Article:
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Film Review: Cure (1997)


A wave of gruesome murders is sweeping Tokyo. The only connection is a bloody X carved into the neck of each of the victims. In each case, the murderer is found near the victim and remembers nothing of the crime. Detective Takabe and psychologist Sakuma are called in to figure out the connection, but their investigation goes nowhere. An odd young man is arrested near the scene of the latest murder, who has a strange effect on everyone who comes into contact with him. Detective Takabe starts a series of interrogations to determine the man’s connection with the killings.


Mashing together genres is a risky business, as it can easily go wrong and can indicate a poverty of ideas. Cure, however, manages to be equal parts detective story, horror film and psychological thriller with an evenhandedness rarely seen.

The story is a strikingly original one. Takabe, a hard bitten detective type pitched somewhere between Dirty Harry and Rick Deckard, is working to uncover the pattern behind a spate of identical murders committed by unconnected (and apparently sane) men. In each case the victim has an ‘X’ slashed into the throat, severing both carotid arteries. The murderers have no discernible motive and do not themselves understand what they have done.

Soon the common factor emerges in the form of the vagrant Mamiya, an apparent amnesiac with whom all of the murderers have had some form of recent contact. It becomes clear that Mamiya is able to exert some kind of mysterious power over people, whether by supernatural means or by suggestion, and that he is engaged in a campaign of mass murder by proxy.

The unusual story is realized in a terrific script, with smart, snappy dialogue and a faultless ear for tone. The direction by Kiyoshi Kurosawa is also excellent, full of unseltling and voyeuristic camera angles, with a Herzogian use of stillness as action and of landscape as character. The sound design is great, too. The film is not afraid to take risks, and the sober police drama that characterizes much of the film is interspersed with some jarringly impressionistic touches, especially towards the end. Then there are the touches of pure horror and the naggingly inconclusive hints at the supernatural. It could all have fallen flat so easily, but it never does, and the deftness of this balancing act is to be applauded.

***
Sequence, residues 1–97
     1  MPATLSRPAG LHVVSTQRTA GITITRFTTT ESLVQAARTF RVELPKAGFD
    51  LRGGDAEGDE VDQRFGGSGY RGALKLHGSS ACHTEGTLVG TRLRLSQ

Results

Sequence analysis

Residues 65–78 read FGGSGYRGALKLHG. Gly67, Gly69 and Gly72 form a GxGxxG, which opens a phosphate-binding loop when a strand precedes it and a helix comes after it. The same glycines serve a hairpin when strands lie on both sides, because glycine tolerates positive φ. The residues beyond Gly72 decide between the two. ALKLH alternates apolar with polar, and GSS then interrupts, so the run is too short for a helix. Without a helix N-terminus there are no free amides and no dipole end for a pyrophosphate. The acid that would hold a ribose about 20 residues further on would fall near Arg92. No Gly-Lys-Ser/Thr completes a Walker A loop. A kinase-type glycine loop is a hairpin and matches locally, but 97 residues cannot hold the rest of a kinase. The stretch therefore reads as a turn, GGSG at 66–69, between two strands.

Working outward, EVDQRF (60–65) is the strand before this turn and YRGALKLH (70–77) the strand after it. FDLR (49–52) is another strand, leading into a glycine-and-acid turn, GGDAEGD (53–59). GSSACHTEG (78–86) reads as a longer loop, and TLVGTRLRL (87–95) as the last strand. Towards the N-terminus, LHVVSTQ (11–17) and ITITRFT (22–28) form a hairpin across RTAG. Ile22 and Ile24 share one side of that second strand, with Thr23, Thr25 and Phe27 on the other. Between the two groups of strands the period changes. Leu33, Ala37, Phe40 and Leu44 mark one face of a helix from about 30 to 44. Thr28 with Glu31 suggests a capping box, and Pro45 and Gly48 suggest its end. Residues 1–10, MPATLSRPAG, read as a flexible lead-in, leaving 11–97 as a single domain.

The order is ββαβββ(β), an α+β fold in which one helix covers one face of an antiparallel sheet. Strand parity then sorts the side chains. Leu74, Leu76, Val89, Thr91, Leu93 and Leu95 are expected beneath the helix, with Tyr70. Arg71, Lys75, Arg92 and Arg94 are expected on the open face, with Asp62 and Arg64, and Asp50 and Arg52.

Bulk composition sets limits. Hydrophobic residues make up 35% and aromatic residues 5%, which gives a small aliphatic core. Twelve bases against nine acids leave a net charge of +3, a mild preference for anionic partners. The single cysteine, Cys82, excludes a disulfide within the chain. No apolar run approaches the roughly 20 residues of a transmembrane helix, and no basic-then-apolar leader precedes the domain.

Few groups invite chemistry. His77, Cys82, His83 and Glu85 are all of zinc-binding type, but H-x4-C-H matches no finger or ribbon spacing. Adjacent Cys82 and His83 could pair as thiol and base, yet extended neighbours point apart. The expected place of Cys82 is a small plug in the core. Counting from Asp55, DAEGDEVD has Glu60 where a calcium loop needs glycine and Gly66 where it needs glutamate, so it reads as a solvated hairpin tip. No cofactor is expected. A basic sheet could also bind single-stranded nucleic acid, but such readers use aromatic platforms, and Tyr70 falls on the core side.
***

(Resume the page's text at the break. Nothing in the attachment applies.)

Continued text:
Also notable is the quality of the performances across the board. Kôji Yakusho does a fine job as the volatile, angsty Takabe, torn between the horror of this case and his responsibility towards his mentally ill wife, while he is paradoxically kept going by his addiction to both. The star performance, however, comes from Masato Hagiwara as Mamiya, the dead-eyed, wispy-moustached villain of the piece. We first meet this character stumbling around in a dressing gown on a beach, apparently disorientated, asking one of the murderers-to-be to tell him exactly where he is. But for a split second before this, we see him standing perfectly still, waiting for his potential puppet to notice him. It’s a subtle but remarkably creepy effect, and one wonders if it was a preconceived idea or a happy accident discovered during the editing process (like Bob’s reflection in Twin Peaks).

The uncertainties around Mamiya’s character and identity are what make him so fascinating. It’s never completely established how much of his supposed amnesia is an act, or how much of his power is explainable by hypnosis and suggestion. His motives are only really hinted at. His fate at the end of the film seems inevitable, and all the more satisfying because so much is left unresolved. A great deal is left open to the viewer’s interpretation, yet it is clear that everything has been painstakingly thought out beforehand by the film’s creators, and there are a few maddening red herrings which I will not spoil here. The temptation to throw in just a few more hints must have been excruciating.

The film is never all that gory or even particularly violent; the horror rather comes from watching the reactions of the murderers to their crimes, baffled yet completely reasonable. Cure is frightening because it touches on the capacity for evil in all of us. Korean director Bong Joon-ho, who gave us The Host (see previous review) has said that Cure is one of the greatest films ever made. While I would not quite go this far, it is very difficult to find fault with this film and I’ll certainly be giving it another look.

Cure (1997)

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